Anya Ayoung-Chee is a powerhouse Trinidadian fashion designer, social entrepreneur, the winner of the 2011 season of Project Runway, and an impassioned human rights activist.
With all that she has and is accomplishing, Anya could easily be consumed with self-promotion. But, instead, her greatest motivation is a quest to increase access to resources for Caribbean people, especially women, creatives and entrepreneurs.
It’s an honor to partner with Anya to feature small businesses to support in Trinidad... Though her list could go on and on, she has honed in on: Meiling, Willow and Oak, Bene Caribe and Lisa SeeTai.
“I chose these businesses because they are all products I wear myself, and love,” Anya told us. “The way in which they make their work is very considered and conscious. All of these businesses really take time and effort to ensure that what they are producing is consciously and sustainably made.”
“Meiling is my mentor and has been for many years. She mentors all of these business owners, whether formerly or not, in one way or another. I learned from her what it looks like to be a part of a community… To invest in buying each other’s products, the value of the process of seeing each other succeed, and having a hand in that in one way or another.”
Instead of becoming consumed by keeping herself afloat during this season of pandemic, Anya has instead concentrated on being of service through the development of tools that will help lift others up.
For instance, she has doubled down on a handful of projects rooted in utilizing her expansive personal base of resources to ensure that as many other small businesses, creative entrepreneurs and practitioners have more access to the support they need to grow.
“I want to create opportunities for more people who have generally less access to the types of options that would allow them to be independent in their industries. I want to help open doors of access – especially for those of Caribbean descent, women and creators.”
While many of her projects are still in the incubation stage and too young to mention, one that has begun to bloom is BANYAN – a series of conversations with creatives from all over the Caribbean.
“Banyan is a form of sharing knowledge through conversations. This will become a dynamic network to give more people a platform to share, learn, exchange, and expand on what they’re doing. The first series focused on women of Caribbean descent in creative fields who are succeeding in their various professions. The goal is to share the tools and information that allowed us to thrive in different areas,” she shares. The latest Banyan interview features rising, popular Jamaican songstress Naomi Cowan.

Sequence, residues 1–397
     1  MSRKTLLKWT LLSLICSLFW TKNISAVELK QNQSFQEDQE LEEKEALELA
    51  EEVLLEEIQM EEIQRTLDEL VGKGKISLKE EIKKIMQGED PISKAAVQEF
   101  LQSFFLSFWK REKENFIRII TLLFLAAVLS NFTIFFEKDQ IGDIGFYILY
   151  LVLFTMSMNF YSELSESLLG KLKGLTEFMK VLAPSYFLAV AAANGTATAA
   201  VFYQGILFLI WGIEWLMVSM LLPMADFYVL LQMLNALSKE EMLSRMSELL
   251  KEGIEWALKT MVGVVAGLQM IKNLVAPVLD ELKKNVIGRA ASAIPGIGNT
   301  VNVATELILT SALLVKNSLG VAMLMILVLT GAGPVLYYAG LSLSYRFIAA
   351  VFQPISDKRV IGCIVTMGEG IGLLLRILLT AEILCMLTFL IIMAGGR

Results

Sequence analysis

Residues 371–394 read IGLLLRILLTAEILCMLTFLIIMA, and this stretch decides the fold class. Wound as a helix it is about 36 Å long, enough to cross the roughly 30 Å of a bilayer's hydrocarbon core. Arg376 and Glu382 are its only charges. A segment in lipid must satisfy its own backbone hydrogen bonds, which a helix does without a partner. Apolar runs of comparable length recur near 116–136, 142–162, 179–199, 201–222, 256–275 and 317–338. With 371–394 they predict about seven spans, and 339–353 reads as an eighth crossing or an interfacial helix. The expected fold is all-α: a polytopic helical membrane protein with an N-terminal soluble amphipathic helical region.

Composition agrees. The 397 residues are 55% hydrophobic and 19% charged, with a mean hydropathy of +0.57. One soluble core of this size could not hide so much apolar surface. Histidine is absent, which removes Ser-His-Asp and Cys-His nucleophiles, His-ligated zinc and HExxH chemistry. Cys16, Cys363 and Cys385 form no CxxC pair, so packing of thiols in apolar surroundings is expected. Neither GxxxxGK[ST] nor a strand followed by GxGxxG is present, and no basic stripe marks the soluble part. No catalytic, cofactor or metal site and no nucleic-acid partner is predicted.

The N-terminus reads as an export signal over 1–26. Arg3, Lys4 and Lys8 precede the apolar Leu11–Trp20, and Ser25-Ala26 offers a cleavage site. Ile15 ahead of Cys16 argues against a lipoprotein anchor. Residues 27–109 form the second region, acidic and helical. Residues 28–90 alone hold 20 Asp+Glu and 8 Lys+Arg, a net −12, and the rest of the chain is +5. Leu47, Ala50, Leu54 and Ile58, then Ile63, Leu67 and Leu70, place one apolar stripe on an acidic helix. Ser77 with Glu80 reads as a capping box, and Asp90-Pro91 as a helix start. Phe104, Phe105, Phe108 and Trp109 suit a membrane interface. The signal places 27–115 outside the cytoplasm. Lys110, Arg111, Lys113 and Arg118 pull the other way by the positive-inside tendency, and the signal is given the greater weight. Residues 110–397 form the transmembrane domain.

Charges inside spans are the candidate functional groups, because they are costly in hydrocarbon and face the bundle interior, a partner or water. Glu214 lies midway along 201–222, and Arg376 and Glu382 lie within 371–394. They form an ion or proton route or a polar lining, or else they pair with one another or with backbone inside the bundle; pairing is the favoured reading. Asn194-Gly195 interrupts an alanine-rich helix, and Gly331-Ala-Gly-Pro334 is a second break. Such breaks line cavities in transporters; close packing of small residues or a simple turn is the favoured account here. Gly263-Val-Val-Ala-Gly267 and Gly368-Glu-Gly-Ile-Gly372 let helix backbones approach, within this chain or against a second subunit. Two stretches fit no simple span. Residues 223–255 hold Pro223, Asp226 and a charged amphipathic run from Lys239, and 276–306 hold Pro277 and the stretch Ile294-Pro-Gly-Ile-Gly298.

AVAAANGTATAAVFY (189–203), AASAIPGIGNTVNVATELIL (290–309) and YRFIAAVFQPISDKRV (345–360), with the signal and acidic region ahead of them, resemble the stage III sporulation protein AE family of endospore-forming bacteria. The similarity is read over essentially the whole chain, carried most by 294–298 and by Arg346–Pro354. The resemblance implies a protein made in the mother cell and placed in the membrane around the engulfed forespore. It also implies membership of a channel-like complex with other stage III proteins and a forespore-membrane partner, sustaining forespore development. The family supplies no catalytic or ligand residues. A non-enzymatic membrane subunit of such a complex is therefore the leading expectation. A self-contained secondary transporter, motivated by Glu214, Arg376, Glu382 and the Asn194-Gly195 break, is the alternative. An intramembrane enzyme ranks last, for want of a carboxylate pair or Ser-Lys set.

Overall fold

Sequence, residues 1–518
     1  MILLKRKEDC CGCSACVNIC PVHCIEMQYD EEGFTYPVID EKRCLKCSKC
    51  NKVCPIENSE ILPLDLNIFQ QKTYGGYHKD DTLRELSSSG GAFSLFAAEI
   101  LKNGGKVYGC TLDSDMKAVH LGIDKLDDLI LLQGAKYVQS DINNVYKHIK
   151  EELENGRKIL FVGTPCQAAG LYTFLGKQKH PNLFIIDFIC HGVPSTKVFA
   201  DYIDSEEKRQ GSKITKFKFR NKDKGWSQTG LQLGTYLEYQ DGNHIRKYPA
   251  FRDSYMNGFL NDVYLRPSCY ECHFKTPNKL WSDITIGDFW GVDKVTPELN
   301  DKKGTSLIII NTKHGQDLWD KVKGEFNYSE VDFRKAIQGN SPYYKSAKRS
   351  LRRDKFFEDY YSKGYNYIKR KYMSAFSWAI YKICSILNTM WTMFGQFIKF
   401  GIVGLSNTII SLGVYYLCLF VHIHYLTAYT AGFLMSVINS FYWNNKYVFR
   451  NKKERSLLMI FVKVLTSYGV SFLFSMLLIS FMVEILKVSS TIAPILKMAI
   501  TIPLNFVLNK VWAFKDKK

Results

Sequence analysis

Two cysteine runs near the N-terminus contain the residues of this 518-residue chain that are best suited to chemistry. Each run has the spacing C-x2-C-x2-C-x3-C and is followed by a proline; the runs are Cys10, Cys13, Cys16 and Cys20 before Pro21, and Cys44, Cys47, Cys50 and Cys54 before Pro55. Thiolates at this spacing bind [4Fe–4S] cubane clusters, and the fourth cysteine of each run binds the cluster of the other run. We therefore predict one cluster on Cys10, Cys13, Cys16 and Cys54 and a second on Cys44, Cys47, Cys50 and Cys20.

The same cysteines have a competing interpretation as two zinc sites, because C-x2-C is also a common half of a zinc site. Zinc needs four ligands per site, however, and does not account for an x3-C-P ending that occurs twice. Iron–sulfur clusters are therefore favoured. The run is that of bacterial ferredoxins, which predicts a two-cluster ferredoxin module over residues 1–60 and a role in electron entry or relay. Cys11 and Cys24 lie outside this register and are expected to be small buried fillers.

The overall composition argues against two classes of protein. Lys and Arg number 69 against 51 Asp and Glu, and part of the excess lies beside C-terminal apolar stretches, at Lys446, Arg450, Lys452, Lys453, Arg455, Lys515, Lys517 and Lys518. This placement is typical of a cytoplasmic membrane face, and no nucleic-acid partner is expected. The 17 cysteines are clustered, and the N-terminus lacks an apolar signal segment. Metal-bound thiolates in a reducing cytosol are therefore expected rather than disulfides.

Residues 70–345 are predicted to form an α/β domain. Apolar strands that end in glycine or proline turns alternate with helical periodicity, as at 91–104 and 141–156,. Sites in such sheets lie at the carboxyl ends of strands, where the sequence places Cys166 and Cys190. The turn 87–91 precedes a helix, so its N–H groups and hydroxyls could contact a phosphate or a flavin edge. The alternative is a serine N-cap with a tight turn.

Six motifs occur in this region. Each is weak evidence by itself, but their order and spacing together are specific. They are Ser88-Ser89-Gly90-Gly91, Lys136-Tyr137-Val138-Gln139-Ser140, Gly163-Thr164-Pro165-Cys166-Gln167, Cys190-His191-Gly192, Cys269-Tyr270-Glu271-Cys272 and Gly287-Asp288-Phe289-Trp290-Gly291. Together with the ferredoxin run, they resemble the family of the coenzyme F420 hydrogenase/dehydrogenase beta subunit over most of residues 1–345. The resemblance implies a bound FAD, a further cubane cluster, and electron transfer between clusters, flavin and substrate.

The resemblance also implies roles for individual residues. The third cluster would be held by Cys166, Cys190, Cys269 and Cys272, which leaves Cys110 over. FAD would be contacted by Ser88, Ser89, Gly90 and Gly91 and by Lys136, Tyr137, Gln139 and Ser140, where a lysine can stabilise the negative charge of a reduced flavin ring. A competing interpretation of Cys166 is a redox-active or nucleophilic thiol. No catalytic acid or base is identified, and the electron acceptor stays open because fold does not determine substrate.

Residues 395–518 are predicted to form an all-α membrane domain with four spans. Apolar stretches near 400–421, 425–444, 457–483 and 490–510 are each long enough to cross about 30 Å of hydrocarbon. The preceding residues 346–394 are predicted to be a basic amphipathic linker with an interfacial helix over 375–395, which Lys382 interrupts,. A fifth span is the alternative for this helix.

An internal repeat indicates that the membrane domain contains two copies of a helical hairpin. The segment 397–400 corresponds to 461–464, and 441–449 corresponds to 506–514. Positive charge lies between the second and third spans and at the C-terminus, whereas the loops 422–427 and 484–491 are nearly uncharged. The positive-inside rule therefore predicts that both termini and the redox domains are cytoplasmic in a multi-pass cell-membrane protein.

Anya’s other projects in the works span a plethora of technology platforms that will support small and medium-sized businesses throughout the region in various ways, such as global sales and shipping, and crowdfunding. Her vision is to elevate Caribbean voices and economic fortitude through fair and inclusive avenues.
Then there’s Wyld Flwr, a highly anticipated, breathtaking festival wear line that Anya launched this February in New York. While the timing for that launch turned out to be less than ideal, to say the least, Anya has quickly pivoted.
“Since the pandemic we’ve been using the time to focus on restructuring the team, re-identifying our purpose to align more with community-building, and creating our work from a place of giving people a sense of freedom. So, we are in a rebirth phase.”
In the meantime, Wyld Flwr has kept afloat by creating masks using materials originally purchased for its line. The masks are being sold on the Wyld Flwr website and on The Faces of Fashion – a website launched by the producers of Project Runway and Making the Cut.
Anya says that COVID has been an equally exciting and draining time for her.
“A lot of the work that I was attempting to put in place over the last couple of years has just started to have more traction. That has been exciting – something positive out of a tragic and trying time.”
“I have been working a lot. I was going nonstop and was very energized by the possibility of the world changing and what that would mean for anyone who is motivated by disruption, technology and seeing ideas through to become new ways of doing things.”
“Things have started to settle and the ideas that make sense have become clear. This has been an opportunity for me to become more focused on specific projects and areas of interest of mine… But, now I also have to focus more on taking care of myself and my family, and being more present in general. Just like everyone else, but in different ways, this has been an intense process for me. I’ve been going and going. It has been extremely hectic. Now I think it’s okay to center, be clear and see things through to the end.”
For Anya, stepping into a season of self-care will mean consistent daily routine that includes meditation, affirmations and being in gratitude.
These tools, she says, have helped her manifest her personal goals and visions in the past.
“I write down my vision, use affirmations every day to speak them into existence, and be very intentional and specific about what my goals are,” she says.
With her self-care practices steadily in place, the sky is the limit for where this conscious creative will lead her Caribbean community.